The local composer’s ambitious musical ode commemorates an ugly past while seeking a brighter future.
During an unproductive period in 2015, local composer and jazz drummer Mark Lomax began to meditate. The year 2019 popped into his mind. He soon realized that year's significance—the 400th anniversary of the beginning of the transatlantic slave trade.
For almost 250 years, slavers captured and sent approximately 12 million Africans to Europe and the Americas, according to the Trans-Atlantic Slave Trade Database website. Nearly 1.7 million died en route.
“I realized this was the anniversary for the Maafa, which is Swahili for ‘holocaust' or ‘great tragedy,'” Lomax says. “I figured this would be a great opportunity to use black music to highlight this, and why not do something epic?”
He hatched ideas and narrative arcs for a 12-album musical ode, “400: An Afrikan Epic,” which is divided into three movements representing the past, present and future. Lomax typically creates original blends of jazz, gospel, soul, R&B, classical and hip-hop. His compositions for this project are based on historical African folk music and rhythms.
“Essentially, the collection of sounds and rhythms are inspired by this epic narrative and represent my attempt to inspire all of us to work toward a better world together,” Lomax says. “Stories are a powerful thing. They help us to remember who we've been and empower us to shape who we will become.”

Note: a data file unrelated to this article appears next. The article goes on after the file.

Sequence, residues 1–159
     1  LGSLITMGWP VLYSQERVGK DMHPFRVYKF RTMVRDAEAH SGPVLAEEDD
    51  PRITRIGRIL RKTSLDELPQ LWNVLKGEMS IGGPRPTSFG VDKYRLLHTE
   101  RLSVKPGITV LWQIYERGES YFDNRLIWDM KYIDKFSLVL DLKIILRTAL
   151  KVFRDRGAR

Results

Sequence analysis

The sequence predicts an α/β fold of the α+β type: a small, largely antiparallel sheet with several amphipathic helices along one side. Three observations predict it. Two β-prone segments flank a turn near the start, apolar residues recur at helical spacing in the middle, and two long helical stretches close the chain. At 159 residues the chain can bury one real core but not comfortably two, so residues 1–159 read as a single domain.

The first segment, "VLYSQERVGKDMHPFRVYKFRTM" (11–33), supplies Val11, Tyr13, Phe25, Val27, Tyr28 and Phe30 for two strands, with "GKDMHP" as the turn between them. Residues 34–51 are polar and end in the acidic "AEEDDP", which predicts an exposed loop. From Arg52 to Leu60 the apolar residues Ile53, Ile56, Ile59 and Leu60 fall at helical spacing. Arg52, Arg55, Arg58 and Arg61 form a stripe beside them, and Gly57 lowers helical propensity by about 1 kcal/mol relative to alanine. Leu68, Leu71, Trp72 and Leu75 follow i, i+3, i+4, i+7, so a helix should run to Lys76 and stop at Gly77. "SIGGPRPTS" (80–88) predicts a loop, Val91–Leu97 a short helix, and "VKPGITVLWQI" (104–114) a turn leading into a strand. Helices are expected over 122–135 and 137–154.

Lomax has completed six of the 12 albums so far, and the music will be available to stream once it's released on Jan. 23, 2019. The finished project will feature a website linked to 400 African-American artists, scholars, storytellers, clergy and educators. Next January at the Lincoln Theatre, he will showcase the work with a 90-minute performance of a suite of his commemorative music, designed to celebrate the resilience, strength, genius and creativity of the people of the African diaspora.
Lane Czaplinski, performing arts director at the Wexner Center for the Arts, which is supporting the project, says Lomax will serve as guest curator for a music series at the center next season. “I was instantly amazed by Mark just in conversation before I even heard him play,” Czaplinski says. “Mark is an absolute experimentalist ... and this huge, deep project will look at the legacy of jazz from the past all the way to the future.”
Eddie Bayard, a saxophonist who has played with Lomax for two decades, says Lomax likes to set the bar high. “When he said he wanted to do this project, I knew he would get it done,” Bayard says. “With the scope of the times we are in, I think it is definitely needed. I hope people will sit down and listen and take something important away from it.”
Lomax's musical enterprise is important for examining contemporary social and political issues relating to black Americans, Czaplinski says. Lomax wants his art to encourage the community to consider and discuss such topics. For example, slaves were subjected to horrendous physical, spiritual and psychological trauma, and that treatment's consequences remain, often referred to as internalized oppression, Lomax says.
“We need to heal collectively,” he continues. “I don't want to fight something 400 years old, but we've got to face it by looking at it and addressing it head on.”
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